Penn study reveals structure of cell division's key molecule
Thursday, 23 September 2010
On average, one hundred billion cells in the human body divide over the course of a day. Most of the time the body gets it right but sometimes, problems in cell replication can lead to abnormalities in chromosomes resulting in many types of disorders, from cancer to Down syndrome.
This is a human chromosome, with
conventional nucleosomes containing
the major form of the histones (green),
and localization of the centromere
histone H3 variant, CENP-A (red).
Credit: Ben E. Black, University of
Pennsylvania School of Medicine.
Ben Black, PhD, assistant professor of Biochemistry and Biophysics, and Nikolina Sekulic, PhD, a postdoctoral fellow in the Black lab, report in the September 16 issue of Nature the structure of the CENP-A molecule, which defines a part of the chromosome called the centromere. Specialized molecules called spindle fibres attach that help pull daughter cells apart during cell division to this constricted area.
"Our work gives us the first high-resolution view of the molecules that control genetic inheritance at cell division," says Black.
"This is a big step forward in a puzzle that biologists have been chipping away at for over 150 years."
Investigators have known for the last 15 years that epigenetic processes, the series of actions that affect the protein spools around which DNA is tightly bound, rather than encoded in the DNA sequence itself, control part of cell division. Those spools are built of histone proteins, and chemical changes to these spool proteins can either loosen or tighten their interaction with DNA. Epigenetics alter the readout of the genetic code, in some cases ramping a gene's expression up or down. In the case of the centromere, it marks the site where spindle fibres attach independently of the underlying DNA sequence. CENP-A has been suspected to be the key epigenetic marker protein.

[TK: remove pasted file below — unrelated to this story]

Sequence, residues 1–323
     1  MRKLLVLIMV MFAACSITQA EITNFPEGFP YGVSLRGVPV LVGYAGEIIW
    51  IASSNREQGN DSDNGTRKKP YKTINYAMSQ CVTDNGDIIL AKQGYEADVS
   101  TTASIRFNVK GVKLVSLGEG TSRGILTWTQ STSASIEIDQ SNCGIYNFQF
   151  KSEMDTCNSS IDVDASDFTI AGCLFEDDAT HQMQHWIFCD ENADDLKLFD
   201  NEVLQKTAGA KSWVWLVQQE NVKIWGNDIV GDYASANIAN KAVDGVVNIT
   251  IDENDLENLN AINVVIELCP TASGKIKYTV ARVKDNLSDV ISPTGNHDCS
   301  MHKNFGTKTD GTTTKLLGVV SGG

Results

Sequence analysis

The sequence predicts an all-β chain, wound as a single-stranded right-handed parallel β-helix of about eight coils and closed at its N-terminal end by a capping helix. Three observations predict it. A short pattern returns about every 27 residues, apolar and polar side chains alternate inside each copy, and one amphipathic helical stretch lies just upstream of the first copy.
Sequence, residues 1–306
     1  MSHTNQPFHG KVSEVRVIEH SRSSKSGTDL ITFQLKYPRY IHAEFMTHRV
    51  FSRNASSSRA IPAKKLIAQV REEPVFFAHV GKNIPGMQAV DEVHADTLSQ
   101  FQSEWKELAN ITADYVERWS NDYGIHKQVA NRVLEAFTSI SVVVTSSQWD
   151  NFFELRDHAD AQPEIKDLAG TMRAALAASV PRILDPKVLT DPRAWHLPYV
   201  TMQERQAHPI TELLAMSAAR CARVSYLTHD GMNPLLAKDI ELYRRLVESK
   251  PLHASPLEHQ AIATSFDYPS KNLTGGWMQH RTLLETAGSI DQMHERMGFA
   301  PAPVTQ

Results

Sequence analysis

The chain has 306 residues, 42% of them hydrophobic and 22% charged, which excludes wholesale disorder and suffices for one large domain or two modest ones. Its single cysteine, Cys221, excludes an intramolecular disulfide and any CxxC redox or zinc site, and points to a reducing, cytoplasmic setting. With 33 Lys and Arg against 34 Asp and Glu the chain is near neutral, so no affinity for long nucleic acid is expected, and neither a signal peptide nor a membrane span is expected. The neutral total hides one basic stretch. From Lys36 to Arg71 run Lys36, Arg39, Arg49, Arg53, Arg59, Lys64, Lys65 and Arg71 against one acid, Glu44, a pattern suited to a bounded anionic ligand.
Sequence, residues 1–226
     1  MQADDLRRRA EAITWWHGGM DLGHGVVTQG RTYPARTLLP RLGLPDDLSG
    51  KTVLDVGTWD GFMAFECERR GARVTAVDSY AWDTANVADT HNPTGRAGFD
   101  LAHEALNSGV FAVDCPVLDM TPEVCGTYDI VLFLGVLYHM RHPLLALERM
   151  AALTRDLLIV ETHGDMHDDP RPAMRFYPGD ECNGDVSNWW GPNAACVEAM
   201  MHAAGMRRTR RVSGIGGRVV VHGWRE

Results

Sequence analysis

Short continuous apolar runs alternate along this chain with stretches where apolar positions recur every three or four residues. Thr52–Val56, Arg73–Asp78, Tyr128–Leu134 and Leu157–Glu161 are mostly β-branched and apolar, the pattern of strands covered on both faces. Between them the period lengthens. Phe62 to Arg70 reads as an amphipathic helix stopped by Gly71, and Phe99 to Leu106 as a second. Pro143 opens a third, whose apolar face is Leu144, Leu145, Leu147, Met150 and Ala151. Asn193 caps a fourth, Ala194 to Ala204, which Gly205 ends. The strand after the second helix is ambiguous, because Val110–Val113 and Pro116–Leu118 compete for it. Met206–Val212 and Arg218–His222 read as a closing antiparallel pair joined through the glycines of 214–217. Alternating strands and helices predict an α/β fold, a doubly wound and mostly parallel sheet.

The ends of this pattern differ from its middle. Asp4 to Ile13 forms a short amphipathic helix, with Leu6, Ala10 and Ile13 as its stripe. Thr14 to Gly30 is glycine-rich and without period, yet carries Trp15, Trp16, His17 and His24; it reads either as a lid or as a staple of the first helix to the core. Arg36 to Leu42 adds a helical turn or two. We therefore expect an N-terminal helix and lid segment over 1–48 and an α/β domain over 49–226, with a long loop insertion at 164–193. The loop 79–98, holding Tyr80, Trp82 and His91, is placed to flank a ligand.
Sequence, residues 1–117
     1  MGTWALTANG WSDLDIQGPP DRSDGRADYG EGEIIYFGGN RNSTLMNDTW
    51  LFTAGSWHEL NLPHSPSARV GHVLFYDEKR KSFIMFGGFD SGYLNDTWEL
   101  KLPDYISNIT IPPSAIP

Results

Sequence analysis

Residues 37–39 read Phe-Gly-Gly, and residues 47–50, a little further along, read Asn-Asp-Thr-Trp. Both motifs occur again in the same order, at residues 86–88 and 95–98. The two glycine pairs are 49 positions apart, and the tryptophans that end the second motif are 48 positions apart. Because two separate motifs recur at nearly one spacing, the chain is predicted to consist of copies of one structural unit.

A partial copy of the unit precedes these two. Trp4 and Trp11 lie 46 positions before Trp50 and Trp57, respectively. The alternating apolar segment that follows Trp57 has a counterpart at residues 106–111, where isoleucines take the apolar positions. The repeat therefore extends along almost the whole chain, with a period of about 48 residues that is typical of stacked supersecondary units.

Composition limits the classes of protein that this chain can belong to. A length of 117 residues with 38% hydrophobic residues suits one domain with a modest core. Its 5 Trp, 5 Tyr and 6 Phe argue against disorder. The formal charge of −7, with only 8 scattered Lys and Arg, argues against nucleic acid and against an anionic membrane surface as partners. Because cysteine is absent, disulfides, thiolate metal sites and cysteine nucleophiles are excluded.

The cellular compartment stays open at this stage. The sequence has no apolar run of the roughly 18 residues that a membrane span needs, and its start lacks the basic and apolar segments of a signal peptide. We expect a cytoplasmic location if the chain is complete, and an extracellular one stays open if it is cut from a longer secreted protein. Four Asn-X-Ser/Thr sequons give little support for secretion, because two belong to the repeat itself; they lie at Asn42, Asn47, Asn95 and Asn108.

However, what hasn't been known is how CENP-A epigenetically marks the centromere to direct inheritance. The Black team found the structural features that confer CENP-A the ability to mark centromere location on each chromosome. This is important because without CENP-A or the centromere mark it creates, the entire chromosome — and all of the genes it houses — are lost at cell division.
Structure of the centromere histone complex
containing two chains of CENP-A (red) and
two copies of its close binding partner,
histone H4 (blue). Credit: Ben E. Black,
University of Pennsylvania School of
This CENP-A centromere identifier attracts other proteins, and in cell division builds a massive structure, the kinetochore, for pulling the duplicated chromosomes apart during cell division.
Besides the major advance in the understanding of the molecules driving human inheritance, this work also brings about the exciting prospect that the key epigenetic components are now in hand to engineer clinically useful artificial chromosomes that will be inherited alongside our own natural chromosomes — and with the same high fidelity, says Black.
Source: University of Pennsylvania School of Medicine
Contact: Karen Kreeger
For more on stem cells and cloning, go to CellNEWS at